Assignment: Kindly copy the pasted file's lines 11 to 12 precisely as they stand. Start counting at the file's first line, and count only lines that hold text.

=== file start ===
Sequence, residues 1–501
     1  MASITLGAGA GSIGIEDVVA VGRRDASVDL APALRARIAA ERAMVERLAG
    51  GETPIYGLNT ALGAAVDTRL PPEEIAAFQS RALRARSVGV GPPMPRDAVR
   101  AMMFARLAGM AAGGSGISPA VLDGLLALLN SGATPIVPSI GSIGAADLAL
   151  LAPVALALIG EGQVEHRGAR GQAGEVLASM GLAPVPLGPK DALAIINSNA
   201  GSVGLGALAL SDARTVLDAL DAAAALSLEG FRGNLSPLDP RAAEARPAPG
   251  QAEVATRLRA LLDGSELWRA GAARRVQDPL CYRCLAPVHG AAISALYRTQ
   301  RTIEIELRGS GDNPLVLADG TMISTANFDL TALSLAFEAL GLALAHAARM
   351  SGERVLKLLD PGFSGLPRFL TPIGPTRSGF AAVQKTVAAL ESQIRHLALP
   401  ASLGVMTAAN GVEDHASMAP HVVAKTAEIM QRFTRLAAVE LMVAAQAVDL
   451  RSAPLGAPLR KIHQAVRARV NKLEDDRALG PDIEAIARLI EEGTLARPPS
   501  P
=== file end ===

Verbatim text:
   451  RSAPLGAPLR KIHQAVRARV NKLEDDRALG PDIEAIARLI EEGTLARPPS
   501  P